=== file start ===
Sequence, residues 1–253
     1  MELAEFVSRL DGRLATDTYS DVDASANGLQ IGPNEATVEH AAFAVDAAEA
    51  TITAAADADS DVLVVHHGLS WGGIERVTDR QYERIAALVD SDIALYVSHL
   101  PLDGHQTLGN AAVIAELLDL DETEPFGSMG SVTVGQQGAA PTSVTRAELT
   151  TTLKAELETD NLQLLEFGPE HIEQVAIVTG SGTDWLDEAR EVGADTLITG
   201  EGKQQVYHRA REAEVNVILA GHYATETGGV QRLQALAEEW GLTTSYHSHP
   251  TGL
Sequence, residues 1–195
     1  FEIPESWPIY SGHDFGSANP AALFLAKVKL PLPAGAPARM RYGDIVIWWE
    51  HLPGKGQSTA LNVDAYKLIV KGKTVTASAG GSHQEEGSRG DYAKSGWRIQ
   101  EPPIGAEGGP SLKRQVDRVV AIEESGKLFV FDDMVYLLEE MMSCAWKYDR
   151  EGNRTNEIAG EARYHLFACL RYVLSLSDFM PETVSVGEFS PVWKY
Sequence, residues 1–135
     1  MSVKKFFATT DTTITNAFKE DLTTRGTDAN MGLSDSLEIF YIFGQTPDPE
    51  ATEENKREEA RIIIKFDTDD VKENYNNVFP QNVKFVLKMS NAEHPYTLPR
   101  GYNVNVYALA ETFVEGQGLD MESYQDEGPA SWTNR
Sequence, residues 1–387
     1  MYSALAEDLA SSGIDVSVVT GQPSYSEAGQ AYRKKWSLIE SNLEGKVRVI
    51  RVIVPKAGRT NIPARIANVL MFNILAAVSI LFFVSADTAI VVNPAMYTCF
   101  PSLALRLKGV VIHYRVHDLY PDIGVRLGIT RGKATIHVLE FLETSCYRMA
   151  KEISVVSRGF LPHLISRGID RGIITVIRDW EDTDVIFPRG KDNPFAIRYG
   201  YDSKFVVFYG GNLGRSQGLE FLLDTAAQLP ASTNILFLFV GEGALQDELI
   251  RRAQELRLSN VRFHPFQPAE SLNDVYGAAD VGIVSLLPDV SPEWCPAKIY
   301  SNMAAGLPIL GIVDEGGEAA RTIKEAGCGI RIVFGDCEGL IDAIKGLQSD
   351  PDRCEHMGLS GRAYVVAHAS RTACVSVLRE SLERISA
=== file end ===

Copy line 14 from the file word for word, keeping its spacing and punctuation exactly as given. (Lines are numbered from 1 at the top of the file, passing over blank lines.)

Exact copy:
     1  MSVKKFFATT DTTITNAFKE DLTTRGTDAN MGLSDSLEIF YIFGQTPDPE